How Australian Native Plants Adapt to Fire and Tips for Fire-wise Gardening

Australian Native Plants Adapt to Fire

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The beautiful area we live in is surrounded by thick bushland that thrives after fire. In fact, many native plants rely on it to survive. Australian plants have made many survival adaptations. Eucalyptus and banksias have a unique lignotuber found in the underground stem or root system that is filled with starches and dormant buds that spring into action after fire or stress, producing a mass of new growth.

The same goes for epicormic buds found along eucalyptus tree trunks and branches. The sole purpose of the mass of growth that comes from these buds is to reproduce the parent plant by making seeds as quickly as possible to recolonise the bare soil.

The growth from epicormic buds is usually weak and will easily fall after strong winds. This is something to be mindful of if you have recently had back burning nearby or a tree pruned and any new shoots hang over your home. Many native plants need heat to crack open thick, woody seed pods or smoke to germinate the seed. And without fire, many plants are unable to propagate. You can now buy smoke water to germinate seeds. Some natives, such as our precious Illawarra flame tree, take up to seven years to be mature enough to produce seed. In areas that have regular fires, this has prevented these plants from ever growing back, thus changing the landscape forever.


Melaleucas (paperbarks), Casuarinas (she-oaks) and Acacias (wattles) regrow from seed very quickly after fire and can recolonise, creating monocultures in once-diverse environments. In most areas this is OK and these speedy plants act as nurse trees, providing shade to a few slower venerable saplings. By the time the quick-growing nurse trees die, the other slower species can then dominate the canopy. But in areas that have had many fires in close succession only the quick-growing plants survive. Amazingly, some native seeds can stay dormant in the leaf litter for many years, waiting for fire to trigger growth.

How to prepare


It’s good to prepare your garden and be fire-wise. Limit potential hazards: trim back all tree branches hanging over your home; this will also lessen leaf litter that can fill your gutters. When removing or pruning large trees, always consult your local tree surgeon and ask your council’s tree management officer for permission. Remove all dead growth from shrubs and trees. Regular pruning of grasses and shrubs will keep plants lush with water-filled new growth and lessen the chance of woody die-back in the future.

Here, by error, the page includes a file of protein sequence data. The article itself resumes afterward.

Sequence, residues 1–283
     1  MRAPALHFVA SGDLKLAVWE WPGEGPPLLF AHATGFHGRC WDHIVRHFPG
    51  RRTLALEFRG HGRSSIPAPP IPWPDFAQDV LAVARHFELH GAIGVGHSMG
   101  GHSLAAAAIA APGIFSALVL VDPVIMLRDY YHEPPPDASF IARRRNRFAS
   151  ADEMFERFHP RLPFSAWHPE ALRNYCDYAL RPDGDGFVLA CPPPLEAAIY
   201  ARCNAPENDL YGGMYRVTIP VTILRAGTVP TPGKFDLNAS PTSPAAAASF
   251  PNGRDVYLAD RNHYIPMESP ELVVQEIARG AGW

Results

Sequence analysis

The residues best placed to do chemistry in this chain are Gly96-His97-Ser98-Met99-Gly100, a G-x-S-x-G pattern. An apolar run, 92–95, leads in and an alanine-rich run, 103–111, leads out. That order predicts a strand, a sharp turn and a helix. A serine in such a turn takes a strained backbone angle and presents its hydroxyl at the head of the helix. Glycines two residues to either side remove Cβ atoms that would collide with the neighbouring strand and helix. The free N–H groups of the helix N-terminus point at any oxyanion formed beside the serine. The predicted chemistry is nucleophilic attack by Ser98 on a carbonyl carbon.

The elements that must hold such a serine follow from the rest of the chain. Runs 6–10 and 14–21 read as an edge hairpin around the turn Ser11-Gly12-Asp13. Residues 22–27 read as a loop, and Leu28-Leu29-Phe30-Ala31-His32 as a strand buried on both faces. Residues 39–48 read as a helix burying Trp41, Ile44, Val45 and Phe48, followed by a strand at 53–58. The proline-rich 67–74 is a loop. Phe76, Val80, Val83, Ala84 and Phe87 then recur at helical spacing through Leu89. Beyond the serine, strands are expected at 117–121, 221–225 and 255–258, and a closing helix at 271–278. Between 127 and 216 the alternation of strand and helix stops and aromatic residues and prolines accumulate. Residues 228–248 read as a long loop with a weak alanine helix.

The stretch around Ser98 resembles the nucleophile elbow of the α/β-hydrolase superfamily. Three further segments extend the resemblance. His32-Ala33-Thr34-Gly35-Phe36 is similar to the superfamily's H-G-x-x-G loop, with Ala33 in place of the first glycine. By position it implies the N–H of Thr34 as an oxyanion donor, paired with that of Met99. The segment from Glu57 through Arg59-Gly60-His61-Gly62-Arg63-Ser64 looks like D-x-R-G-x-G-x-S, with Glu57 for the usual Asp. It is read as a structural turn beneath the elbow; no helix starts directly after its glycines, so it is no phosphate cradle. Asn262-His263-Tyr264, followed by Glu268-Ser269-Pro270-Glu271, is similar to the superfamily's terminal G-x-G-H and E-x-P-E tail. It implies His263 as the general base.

No plant is completely fire retardant, but some will burn a lot slower than others. Limit woody, dry-looking shrubs such as she-oaks and conifers. These have lots of dead wood and very flammable needle leaves. Eucalyptus is filled with gum that will explode when branches become very hot in extreme fires.
Limit plants under your eaves and choose plants with lush leaves that hold water. Examples are succulents, camellias, gardenias, lillypillys, viburnums, ‘Little gem’ magnolias, groundcover Myoporum, Scavoleas, pigface, clumping gingers, kangaroo paws, Lomandra longifolia ‘Tanika’, clivias and the always-resistant agapanthus.

Agapanthus and oleanders have been used as fire breaks for more than 100 years in Australia. They were often planted around homesteads. I have seen footage of fire-devastated areas where the only things left were the rows of these hardy plants.

Mulch is very beneficial for retaining water in the soil. To limit any potential risk of mulch becoming fuel, rake up any pine needles and make sure to water down mulch well over the summer. Avoid large, chunky pine barks as they don’t break down very well or hold much water – go for fine mulches. I like decomposed cypress mulch and Helensburgh’s fire chief Jim Powell recommends teatree mulch. For more fire preparation tips and fire-resistant plant lists, consult the NSW Rural Fire Service website or Wollongong Council.

Stay safe over the new year and happy gardening!

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